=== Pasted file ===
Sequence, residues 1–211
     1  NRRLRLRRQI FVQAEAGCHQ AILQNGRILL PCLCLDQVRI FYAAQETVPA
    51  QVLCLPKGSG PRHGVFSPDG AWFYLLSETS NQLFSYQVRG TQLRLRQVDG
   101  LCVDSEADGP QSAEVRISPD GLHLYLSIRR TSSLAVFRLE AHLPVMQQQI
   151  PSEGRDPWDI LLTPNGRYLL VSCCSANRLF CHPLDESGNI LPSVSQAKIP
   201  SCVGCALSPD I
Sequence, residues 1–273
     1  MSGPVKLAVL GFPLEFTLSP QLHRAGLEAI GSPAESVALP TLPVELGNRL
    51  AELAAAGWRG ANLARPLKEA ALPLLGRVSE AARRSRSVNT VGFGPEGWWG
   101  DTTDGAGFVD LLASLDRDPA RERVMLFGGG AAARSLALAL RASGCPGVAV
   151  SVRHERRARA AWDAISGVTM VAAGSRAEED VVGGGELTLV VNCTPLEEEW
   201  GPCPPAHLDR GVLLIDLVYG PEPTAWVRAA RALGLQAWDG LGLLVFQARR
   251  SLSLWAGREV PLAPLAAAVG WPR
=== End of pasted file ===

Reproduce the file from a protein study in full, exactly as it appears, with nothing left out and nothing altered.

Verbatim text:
Sequence, residues 1–211
     1  NRRLRLRRQI FVQAEAGCHQ AILQNGRILL PCLCLDQVRI FYAAQETVPA
    51  QVLCLPKGSG PRHGVFSPDG AWFYLLSETS NQLFSYQVRG TQLRLRQVDG
   101  LCVDSEADGP QSAEVRISPD GLHLYLSIRR TSSLAVFRLE AHLPVMQQQI
   151  PSEGRDPWDI LLTPNGRYLL VSCCSANRLF CHPLDESGNI LPSVSQAKIP
   201  SCVGCALSPD I
Sequence, residues 1–273
     1  MSGPVKLAVL GFPLEFTLSP QLHRAGLEAI GSPAESVALP TLPVELGNRL
    51  AELAAAGWRG ANLARPLKEA ALPLLGRVSE AARRSRSVNT VGFGPEGWWG
   101  DTTDGAGFVD LLASLDRDPA RERVMLFGGG AAARSLALAL RASGCPGVAV
   151  SVRHERRARA AWDAISGVTM VAAGSRAEED VVGGGELTLV VNCTPLEEEW
   201  GPCPPAHLDR GVLLIDLVYG PEPTAWVRAA RALGLQAWDG LGLLVFQARR
   251  SLSLWAGREV PLAPLAAAVG WPR